Prof Joanna Merwood-Salisbury
Architectural history, 19th and 20th centuries.
PhD, Princeton University
M.Arch, McGill University
B.Arch, Victoria University of Wellington
BBSC, Victoria University of Wellington
Joanna Merwood-Salisbury an architectural historian whose research focuses on architecture and urbanism in the late-nineteenth and early-twentieth century United States, with a particular specialization in the Chicago School of architecture. Her book, Chicago 1890: The Skyscraper and the Modern City (2009), describes the development of the early Chicago skyscrapers between 1880 and the turn of the twentieth century, understanding them not only as important artifacts in the history of architecture, but also as sites for a contentious debate about the future of the industrial city. Related work explores the design of public spaces and buildings in modern cities and the socio-political contexts in which they are conceptualized and used. This is the subject of her forthcoming book, Design for the Crowd: Patriotism and Protest in Union Square (University of Chicago Press) which investigates the history of Union Square in New York City as both a geographical location with real formal characteristics and as the symbol of competing ideas about the operation of democracy in the United States. She is also interested in the historical inter-relationships between architecture and interior design.
Current research projects
I continue to research the idea of the first “Chicago School” of architecture as an historiographic category, and I am currently working on a new book, entitled Design for the Crowd: Patriotism and Protest in Union Square. This book investigates the history of Union Square in New York City as both a geographical location with real formal characteristics and as the symbol of competing ideas about the operation of democracy in the United States.
Merwood-Salisbury, J., Design for the Crown: Patriotism and Protest in Union Square, University of Chicago Press (forthcoming)
“Exterior Interiors: The Urban Living Room and Beyond,” in Deborah Schneiderman and Amy Campos Eds., Interiors Beyond Architecture (London: Routledge, 2018)
“This is not a skyscraper: Helmut Jahn's late, late entry to the Chicago Tribune Tower competition,” AA Files (December 2017), 132-149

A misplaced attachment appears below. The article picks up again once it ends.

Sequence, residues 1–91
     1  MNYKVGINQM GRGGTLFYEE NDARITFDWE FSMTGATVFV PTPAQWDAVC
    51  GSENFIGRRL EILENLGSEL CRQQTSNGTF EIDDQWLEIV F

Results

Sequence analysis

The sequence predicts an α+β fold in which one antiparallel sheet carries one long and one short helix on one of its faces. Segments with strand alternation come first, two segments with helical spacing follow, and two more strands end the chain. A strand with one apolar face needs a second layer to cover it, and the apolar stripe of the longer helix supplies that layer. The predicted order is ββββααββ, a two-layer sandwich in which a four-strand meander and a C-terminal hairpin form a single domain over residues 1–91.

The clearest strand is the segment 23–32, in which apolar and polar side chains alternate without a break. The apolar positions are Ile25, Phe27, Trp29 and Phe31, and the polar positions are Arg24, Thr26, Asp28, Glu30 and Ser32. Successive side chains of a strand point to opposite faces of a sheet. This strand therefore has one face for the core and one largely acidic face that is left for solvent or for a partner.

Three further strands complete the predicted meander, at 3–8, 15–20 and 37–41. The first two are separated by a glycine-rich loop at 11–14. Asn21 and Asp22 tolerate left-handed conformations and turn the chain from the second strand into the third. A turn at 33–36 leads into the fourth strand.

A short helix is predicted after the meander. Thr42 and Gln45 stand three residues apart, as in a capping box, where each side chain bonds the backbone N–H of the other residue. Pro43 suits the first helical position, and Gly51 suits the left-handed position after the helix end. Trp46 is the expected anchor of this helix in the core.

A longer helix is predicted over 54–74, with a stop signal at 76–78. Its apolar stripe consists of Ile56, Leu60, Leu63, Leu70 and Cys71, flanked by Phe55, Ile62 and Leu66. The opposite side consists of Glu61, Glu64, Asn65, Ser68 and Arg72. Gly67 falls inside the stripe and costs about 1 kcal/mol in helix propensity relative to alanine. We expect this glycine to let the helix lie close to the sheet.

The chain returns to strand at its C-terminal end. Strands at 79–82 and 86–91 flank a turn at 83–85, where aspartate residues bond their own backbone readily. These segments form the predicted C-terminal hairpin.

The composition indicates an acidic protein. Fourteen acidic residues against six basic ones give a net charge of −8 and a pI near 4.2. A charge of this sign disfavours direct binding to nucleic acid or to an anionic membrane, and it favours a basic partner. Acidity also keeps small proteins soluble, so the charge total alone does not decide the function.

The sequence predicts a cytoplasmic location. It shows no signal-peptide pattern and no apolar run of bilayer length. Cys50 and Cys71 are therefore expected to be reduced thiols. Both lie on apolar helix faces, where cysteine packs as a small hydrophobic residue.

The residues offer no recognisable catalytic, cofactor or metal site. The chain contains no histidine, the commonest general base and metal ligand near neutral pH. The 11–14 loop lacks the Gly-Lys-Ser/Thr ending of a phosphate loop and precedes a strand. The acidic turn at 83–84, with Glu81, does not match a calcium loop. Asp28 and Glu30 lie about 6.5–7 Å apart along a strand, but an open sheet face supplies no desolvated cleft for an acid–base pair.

“Louis Sullivan’s Carson Pirie Scott Building,” in David Leatherbarrow and Alexander Eisenschmidt Eds., Modern Architecture, vol. VI Wiley-Blackwell Companion to the History of Architecture (London: Wiley-Blackwell, 2017)
“The Gothic Revival and the Chicago School,” in Kevin Murphy and Lisa Reilly Eds., Skyscraper Gothic: Medieval Style and Modernist Buildings (Charlottesville VA: University of Virginia Press, 2017)
“American Modern: The Chicago School and the International Style at the Museum of Modern Art,” in Alexander Eisenschmidt and Jonathan Mekinda Eds. Chicagoisms: The City as Catalyst for Architectural Speculation (Chicago: Park Books/University of Chicago Press, 2014)
"The First Chicago School and the Ideology of the Skyscraper" in Peggy Deamer Ed Architecture and Capitalism: 1845 to the Present (Routledge, 2013)
Kleinman, K., Merwood-Salisbury, J., and Weinthal, L., After Taste: Expanded Practice in Interior Design (Princeton Architectural Press, 2011)
Merwood-Salisbury, J., Chicago 1890: The Skyscraper and the Modern City (Chicago: University of Chicago Press, 2009)
"Patriotism and Protest: Union Square as Public Space, 1832-1932" Journal of the Society of Architectural Historians Vol. 68, no. 4 (December 2009), 540-559
"On Luxury" AA Files, vol. 58 (2009), 20-27
"Western Architecture: Regionalism and Race in the Inland Architect" in Katarina Ruedi-Ray and Charles Waldheim Eds., Chicago Architecture: Histories, Revisions, Alternatives (Chicago: University of Chicago Press, 2005)
"The Mechanization of Cladding: The Reliance Building and Narratives of Modern Architecture" Grey Room, vol. 4 (Summer 2001), 52 - 69